Russian River Ferry
Many of the early institutions of Somona county are today only memories, all visible evidence of their existence having disappeared. Nevertheless, a knowledge of them is valuable to the student of history; without this information there would be missing links in the process of social or commercial evolution. At least two features of pioneer transportation come within this category.
Reference to the minutes of the Board of Supervisors shows that in November, 1857, William Benitz was licensed to operate a ferry across Russian river on his own land, about a mile above the mouth of the stream. The county collected no fee for this privilege, it being known that the profits of the venture would be insufficient to warrant such a charge. In fact, a license to operate such a ferry for six months had been granted in 1856 to R.W. Kibbe; he refused to continue the service because it did not pay, and Hugh Patton was given a license.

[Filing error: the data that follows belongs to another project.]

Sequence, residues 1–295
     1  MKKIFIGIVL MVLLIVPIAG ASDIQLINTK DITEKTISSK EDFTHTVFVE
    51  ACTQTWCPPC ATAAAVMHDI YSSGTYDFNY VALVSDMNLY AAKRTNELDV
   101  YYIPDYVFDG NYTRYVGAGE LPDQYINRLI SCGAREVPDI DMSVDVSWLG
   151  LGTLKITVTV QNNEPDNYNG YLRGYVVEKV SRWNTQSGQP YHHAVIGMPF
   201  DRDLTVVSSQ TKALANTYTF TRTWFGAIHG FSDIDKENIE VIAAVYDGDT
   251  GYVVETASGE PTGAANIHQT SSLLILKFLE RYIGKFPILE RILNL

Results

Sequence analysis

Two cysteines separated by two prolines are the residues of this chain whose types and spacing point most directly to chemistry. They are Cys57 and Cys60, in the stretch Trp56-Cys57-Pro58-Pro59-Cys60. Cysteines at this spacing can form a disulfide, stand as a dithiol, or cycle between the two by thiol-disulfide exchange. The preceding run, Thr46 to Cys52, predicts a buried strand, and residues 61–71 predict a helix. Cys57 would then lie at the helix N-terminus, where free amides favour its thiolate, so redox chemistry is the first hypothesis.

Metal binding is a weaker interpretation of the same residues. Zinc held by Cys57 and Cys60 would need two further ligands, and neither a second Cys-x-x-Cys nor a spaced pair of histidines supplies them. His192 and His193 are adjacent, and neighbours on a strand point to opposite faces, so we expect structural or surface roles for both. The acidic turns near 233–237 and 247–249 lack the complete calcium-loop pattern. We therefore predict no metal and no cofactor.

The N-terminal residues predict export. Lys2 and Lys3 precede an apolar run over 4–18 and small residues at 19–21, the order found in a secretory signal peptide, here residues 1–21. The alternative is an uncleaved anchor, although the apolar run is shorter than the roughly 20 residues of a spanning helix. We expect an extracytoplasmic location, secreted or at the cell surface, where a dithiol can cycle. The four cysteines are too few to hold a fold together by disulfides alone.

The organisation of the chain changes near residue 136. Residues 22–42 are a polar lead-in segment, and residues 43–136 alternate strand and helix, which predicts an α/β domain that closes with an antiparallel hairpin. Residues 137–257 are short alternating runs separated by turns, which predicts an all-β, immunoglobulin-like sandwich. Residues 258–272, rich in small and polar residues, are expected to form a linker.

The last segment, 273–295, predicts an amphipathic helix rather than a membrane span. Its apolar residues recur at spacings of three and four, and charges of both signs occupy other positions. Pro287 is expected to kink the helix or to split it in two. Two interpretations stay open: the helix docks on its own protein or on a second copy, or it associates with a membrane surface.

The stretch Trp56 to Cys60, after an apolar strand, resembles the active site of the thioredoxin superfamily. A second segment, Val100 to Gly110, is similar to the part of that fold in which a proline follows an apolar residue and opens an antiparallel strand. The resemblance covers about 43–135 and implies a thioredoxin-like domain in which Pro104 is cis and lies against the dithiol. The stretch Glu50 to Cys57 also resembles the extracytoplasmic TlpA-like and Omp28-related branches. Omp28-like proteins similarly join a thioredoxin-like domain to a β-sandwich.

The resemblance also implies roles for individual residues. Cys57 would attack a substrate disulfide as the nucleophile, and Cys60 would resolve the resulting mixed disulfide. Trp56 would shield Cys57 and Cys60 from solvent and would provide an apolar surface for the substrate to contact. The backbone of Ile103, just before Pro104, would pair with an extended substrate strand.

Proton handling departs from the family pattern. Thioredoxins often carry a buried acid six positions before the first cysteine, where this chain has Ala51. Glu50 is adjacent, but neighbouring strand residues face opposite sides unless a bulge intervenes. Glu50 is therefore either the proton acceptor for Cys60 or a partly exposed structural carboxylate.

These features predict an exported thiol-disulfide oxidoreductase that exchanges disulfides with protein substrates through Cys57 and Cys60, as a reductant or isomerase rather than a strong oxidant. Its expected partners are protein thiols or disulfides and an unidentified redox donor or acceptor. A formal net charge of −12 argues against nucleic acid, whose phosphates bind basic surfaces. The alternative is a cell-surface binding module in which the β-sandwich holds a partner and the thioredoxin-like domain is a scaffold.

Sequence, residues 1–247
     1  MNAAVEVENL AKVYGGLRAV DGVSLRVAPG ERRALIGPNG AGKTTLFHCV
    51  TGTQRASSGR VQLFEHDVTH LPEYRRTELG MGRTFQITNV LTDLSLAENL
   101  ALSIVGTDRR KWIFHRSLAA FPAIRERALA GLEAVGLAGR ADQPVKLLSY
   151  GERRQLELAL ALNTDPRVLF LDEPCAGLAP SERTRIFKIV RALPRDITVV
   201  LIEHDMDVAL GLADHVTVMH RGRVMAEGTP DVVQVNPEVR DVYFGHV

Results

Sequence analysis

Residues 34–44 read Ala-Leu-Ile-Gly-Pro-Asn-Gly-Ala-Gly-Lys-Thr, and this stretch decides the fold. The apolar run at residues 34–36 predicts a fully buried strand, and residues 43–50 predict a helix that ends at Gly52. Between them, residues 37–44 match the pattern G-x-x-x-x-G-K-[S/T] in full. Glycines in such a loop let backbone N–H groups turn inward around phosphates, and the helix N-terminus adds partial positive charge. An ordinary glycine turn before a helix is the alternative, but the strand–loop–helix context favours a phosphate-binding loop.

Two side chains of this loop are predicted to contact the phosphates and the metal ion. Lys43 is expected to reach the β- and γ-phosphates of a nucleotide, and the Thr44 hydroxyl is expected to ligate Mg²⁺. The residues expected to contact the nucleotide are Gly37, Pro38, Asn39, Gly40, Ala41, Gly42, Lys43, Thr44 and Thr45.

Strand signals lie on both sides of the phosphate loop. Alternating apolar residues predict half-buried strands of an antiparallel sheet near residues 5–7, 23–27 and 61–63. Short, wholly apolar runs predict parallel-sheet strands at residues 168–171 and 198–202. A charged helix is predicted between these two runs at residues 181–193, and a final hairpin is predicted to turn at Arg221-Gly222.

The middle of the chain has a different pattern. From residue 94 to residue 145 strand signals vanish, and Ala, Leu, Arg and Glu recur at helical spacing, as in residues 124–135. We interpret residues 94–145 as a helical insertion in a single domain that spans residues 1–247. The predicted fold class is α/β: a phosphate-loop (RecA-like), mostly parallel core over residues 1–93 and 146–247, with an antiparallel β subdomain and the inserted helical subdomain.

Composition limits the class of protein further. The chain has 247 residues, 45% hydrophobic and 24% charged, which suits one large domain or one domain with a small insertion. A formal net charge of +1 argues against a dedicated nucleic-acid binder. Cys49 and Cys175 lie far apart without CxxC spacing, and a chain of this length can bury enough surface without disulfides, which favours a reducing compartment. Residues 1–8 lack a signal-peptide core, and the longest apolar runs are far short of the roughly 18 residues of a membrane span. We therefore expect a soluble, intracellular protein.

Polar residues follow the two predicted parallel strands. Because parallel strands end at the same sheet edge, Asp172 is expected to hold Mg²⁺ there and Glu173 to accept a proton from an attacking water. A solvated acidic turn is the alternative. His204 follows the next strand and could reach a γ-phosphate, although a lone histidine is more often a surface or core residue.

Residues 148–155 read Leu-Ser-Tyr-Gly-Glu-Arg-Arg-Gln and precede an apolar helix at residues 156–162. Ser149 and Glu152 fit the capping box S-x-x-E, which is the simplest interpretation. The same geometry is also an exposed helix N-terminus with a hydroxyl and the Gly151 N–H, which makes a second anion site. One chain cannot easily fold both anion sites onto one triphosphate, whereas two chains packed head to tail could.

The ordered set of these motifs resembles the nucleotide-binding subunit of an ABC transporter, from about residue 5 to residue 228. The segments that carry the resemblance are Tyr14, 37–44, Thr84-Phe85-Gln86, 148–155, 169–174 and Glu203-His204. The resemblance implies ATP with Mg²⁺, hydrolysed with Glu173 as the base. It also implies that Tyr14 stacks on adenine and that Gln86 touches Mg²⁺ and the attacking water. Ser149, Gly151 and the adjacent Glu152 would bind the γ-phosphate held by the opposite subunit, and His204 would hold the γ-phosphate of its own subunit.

This ferry was on the road leading from Bodega to Fort Ross and Salt Point. Benitz also was licensed for only a half year, and to assure faithful service was required to file a bond of $1,100. The board authorized the following tolls: Man and horse, 50 cents; horse and buggy, $1.50; wagon and two horses or oxen, $1.50; wagon and four horses or oxen, $2.00; loose horses or cattle, 10 cents a head; loose hogs or sheep, 5 cents a head; foot passenger, 25 cents. What made the ferry produce inadequate returns was the requirement that it must be operated if only one pedestrian appeared or only a few hogs or sheep were to be taken across the river. The ferry was maintained by Benitz for some years, his license being renewed when necessary.